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Photomed Laser Surg. 2017 Jun;35(6):317-323. doi: 10.1089/pho.2016.4202.

A Pilot Study on the Evaluation of Physicians' Laser Delivery Performance Using a Laser Beam Detection Kit.

Author information

1
1 JMO Dermatology, Seoul, Korea.
2
2 Interdisciplinary Program for Bioengineering, Seoul National University College of Engineering , Seoul, Korea.
3
3 Department of Dermatology, Seoul National University of College of Medicine , Institute of Human-Environment Interface Biology, Seoul, Korea.
4
4 Department of Mechanical & Aerospace Engineering, Institute of Advanced Aerospace Technology, Seoul National University College of Engineering , Seoul, Korea.
5
5 Department of Biomedical Engineering, Seoul National University College of Medicine , Seoul, Korea.
6
6 Institute of Medical and Biological Engineering, Seoul National University , Seoul, Korea.

Abstract

BACKGROUND AND OBJECTIVE:

Many laser devices have been developed over the past decades for various skin conditions. However, variations in the technical skill of physicians for laser skin treatment delivery have not yet been evaluated. This study evaluates the differences in omission and overlap percentages during simulated laser hair removal treatments among physicians at two clinics.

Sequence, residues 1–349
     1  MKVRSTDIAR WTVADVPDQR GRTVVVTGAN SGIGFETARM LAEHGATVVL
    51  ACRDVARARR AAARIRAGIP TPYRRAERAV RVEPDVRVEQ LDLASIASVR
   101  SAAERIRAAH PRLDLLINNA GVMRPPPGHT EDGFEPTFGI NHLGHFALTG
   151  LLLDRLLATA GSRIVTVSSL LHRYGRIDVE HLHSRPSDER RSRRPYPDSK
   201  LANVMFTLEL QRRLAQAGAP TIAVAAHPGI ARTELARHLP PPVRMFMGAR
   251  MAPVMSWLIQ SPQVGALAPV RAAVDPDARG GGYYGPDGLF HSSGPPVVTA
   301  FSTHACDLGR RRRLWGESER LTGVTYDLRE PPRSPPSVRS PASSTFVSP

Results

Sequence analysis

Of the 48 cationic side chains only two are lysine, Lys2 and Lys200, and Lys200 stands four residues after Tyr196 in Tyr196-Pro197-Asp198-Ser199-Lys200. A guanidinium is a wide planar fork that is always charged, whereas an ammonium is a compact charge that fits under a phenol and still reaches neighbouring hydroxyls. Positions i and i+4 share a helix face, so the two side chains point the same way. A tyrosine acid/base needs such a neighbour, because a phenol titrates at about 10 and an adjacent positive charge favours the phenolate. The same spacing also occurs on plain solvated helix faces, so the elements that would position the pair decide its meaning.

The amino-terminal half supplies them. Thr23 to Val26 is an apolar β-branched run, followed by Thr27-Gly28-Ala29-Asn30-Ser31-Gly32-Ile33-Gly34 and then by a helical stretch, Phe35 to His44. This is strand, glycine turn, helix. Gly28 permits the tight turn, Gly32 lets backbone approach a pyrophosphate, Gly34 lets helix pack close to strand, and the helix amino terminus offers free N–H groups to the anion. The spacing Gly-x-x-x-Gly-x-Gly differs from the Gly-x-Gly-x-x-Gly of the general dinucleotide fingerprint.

MATERIALS AND METHODS:

A laser beam detection kit was developed to record and collect laser irradiation from a diode laser device. Eight physicians (primary private clinic 4, tertiary referral hospital 4) were recruited to perform 80 trials of laser delivery simulation. The simulation process was captured in video frames by a camera built inside of the detection kit. The laser distribution map was reconstructed, and each physician's performance result was determined by a computer calculation.

RESULTS:

Various assumption tests showed that each physician had different laser delivery skills. Four physicians from clinic A had an average omission rate of 13.4%, and four physicians from clinic B had an average omission rate of 19.7%. Regarding the average overlap rate of the two clinics, clinic A had a higher rate than clinic B (26.1% vs. 14.6%).

CONCLUSIONS:

The study's findings confirmed the differences of the technical skills among the physicians and between the two clinics. The proposed computer-assisted evaluation of technical skill is useful for assessing physicians' performance during laser skin treatments.

KEYWORDS:

dermatology; imaging/imaging science; laser irradiation; low-power; photomedicine

PMID:
28590835
DOI:
10.1089/pho.2016.4202
[Indexed for MEDLINE]

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